.Fetch(“timeline”) .Take(25)
.OrderByDescending() .Select(x=>x.Value); var tweets = cfdb.Tweets.Get(tweetIds);

In essence, we execute two queries, one on the UsersTweets column family, requesting the columns & values in the “timeline” super column in the row keyed “@ayende”, then execute another query against the Tweets column family to get the actual tweets.

Because the data is sorted by the column name, and because we choose to sort in descending order, we get the last 25 tweets for this user.

What would happen if I wanted to show the last 25 tweets overall (for the public timeline)? Well, that is actually very easy, all I need to do is to query the Tweets column family for tweets, ordering them by descending key order.

Nitpicker corner: No, there is not such API for a CFDB for .NET that I know of, I made it up so it would be easier to discuss the topic.

Why is a CFDB so limiting?

You might have noticed how many times I noted differences between RDBMS and a CFDB. I think that it is the CFDB that is the hardest to understand, since it is so close, on the surface to the relational model. But it seems to suffer from so many limitations. No joins, no real querying capability (except by primary key), nothing like the richness that we get from a relational database. Hell, Sqlite or Access gives me more than that. Why is it so limited?

The answer is quite simple. A CFDB is designed to run on a large number of machines, and store huge amount of information. You literally cannot store that amount of data in a relational database, and even multi-machine relational databases, such as Oracle RAC will fall over and die very rapidly on the size of data and queries that a typical CFDB is handling easily.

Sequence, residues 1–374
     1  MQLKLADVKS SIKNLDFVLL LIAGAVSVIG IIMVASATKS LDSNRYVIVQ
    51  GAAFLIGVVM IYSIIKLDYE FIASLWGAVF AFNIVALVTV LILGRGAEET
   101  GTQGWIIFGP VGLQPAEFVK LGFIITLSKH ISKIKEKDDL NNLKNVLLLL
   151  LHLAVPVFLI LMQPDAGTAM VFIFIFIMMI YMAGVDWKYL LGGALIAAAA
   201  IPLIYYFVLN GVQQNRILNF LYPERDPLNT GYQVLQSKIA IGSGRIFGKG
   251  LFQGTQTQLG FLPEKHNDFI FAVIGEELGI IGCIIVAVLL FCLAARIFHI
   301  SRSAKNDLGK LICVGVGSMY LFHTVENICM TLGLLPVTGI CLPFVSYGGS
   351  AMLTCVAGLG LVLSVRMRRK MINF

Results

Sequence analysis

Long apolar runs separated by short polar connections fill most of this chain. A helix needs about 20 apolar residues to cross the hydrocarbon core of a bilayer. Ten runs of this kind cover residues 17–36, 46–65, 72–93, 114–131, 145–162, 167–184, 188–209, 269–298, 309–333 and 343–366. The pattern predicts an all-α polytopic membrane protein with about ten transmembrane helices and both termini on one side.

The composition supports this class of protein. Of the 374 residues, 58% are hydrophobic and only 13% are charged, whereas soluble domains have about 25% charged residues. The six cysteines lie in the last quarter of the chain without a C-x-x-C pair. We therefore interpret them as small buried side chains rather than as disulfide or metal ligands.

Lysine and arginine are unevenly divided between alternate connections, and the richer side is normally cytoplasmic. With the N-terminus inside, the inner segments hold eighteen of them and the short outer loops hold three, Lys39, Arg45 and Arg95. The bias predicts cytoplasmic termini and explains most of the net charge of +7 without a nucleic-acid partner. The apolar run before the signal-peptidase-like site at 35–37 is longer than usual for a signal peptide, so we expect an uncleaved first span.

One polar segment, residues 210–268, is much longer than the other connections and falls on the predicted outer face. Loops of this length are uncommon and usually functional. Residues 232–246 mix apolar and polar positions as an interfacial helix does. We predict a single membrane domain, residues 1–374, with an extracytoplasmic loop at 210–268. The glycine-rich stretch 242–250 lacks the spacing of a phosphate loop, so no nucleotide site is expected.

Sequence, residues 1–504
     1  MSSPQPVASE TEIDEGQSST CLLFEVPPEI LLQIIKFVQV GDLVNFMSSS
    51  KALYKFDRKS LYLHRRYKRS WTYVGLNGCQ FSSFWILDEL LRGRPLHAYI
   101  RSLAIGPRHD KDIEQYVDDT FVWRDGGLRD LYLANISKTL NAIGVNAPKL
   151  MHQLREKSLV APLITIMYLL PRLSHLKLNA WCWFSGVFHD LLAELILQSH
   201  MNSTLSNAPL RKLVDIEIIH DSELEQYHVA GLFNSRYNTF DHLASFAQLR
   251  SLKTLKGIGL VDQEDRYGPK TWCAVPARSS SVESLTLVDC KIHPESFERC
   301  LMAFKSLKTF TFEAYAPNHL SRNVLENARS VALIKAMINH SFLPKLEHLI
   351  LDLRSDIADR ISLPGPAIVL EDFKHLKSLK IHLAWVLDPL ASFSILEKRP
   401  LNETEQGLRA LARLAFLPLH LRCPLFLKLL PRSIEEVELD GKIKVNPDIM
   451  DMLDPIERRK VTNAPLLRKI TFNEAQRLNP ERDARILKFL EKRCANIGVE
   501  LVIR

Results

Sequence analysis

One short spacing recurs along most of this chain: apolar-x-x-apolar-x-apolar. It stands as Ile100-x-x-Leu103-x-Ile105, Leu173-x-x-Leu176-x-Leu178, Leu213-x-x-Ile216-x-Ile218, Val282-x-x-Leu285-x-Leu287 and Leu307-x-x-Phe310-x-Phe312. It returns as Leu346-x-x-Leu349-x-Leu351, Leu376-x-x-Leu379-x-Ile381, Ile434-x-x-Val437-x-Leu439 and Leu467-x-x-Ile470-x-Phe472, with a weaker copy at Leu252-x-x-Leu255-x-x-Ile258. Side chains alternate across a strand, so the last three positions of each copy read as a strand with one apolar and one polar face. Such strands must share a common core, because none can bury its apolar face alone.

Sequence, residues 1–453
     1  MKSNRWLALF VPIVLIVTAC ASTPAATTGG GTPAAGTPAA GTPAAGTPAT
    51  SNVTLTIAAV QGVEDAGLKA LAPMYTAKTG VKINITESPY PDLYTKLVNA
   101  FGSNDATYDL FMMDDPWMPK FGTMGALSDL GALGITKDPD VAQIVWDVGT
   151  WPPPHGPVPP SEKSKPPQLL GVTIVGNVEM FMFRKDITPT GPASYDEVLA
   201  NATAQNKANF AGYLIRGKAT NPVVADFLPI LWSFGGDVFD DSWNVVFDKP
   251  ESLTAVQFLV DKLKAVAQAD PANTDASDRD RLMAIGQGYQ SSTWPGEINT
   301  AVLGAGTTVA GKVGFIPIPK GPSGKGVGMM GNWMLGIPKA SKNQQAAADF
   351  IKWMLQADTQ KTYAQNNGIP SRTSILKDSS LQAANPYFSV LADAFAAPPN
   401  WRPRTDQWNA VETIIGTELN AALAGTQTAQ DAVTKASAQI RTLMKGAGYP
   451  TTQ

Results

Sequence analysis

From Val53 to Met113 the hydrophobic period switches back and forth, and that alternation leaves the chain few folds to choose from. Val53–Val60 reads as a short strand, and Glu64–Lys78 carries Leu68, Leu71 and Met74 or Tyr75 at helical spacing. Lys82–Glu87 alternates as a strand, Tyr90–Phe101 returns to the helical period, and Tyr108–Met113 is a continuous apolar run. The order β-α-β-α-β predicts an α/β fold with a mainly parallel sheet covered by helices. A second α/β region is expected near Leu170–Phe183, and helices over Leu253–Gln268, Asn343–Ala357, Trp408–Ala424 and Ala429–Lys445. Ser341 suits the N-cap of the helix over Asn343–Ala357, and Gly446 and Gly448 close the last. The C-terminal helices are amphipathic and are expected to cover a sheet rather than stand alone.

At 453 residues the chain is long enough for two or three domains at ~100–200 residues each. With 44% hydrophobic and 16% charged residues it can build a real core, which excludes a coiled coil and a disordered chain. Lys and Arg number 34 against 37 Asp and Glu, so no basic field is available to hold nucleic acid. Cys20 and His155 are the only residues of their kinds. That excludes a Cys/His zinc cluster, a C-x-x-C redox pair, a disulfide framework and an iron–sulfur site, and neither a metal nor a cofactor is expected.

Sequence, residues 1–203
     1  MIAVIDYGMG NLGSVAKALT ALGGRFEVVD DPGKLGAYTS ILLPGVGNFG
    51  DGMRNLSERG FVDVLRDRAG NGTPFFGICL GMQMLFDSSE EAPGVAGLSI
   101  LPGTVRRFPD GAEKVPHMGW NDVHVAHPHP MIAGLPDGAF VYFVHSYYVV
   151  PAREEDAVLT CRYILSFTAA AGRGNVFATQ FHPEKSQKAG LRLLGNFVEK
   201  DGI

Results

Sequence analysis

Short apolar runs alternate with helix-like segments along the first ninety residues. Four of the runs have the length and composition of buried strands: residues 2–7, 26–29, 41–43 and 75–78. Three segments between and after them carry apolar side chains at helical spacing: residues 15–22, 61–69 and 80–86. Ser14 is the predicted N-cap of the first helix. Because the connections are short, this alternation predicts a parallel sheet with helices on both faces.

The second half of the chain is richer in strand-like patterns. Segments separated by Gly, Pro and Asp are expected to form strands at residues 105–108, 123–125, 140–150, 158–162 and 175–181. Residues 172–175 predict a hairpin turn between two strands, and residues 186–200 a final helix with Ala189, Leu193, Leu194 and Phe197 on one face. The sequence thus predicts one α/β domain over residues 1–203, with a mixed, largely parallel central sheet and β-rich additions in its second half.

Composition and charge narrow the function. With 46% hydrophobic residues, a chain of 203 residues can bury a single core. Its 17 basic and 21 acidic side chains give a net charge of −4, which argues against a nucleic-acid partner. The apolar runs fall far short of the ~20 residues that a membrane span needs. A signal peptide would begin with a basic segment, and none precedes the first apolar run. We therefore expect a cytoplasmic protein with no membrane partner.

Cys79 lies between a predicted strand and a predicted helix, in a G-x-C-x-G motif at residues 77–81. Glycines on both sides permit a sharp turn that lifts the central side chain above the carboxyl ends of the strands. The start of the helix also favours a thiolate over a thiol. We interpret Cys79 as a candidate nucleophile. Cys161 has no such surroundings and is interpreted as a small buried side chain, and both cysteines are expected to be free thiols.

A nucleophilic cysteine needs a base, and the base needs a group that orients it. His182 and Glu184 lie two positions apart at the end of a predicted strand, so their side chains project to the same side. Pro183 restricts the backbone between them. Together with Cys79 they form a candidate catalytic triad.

Do you remember that I noted that CFDB is really all about removing abstractions? CFDB is what happens when you take a database, strip everything away that make it hard to run in on a cluster and see what happens.

The reason that CFDB don’t provide joins is that joins require you to be able to scan the entire data set. That requires either someplace that has a view of the whole database (resulting in a bottleneck and a single point of failure) or actually executing a query over all machines in the cluster. Since that number can be pretty high, we want to avoid that.

CFDB don’t provide a way to query by column or value because that would necessitate either an index of the entire data set (or just in a single column family) which in again, not practical, or running the query on all machines, which is not possible. By limiting queries to just by key, CFDB ensure that they know exactly what node a query can run on. It means that each query is running on a small set of data, making them much cheaper.

It requires a drastically different mode of thinking, and while I don’t have practical experience with CFDB, I would imagine that migrations using them are… unpleasant affairs, but they are one of the ways to get really high scalability out of your data storage.

Waiting expectantly to the commenters who would say that relational databases are the BOMB and that I have no idea what I am talking about and that I should read Codd and that no one really need to use this sort of stuff except maybe Google and even then only because Google has no idea how RDBMS work (except maybe the team that worked on AdWords).

time to read 3 min | 434 words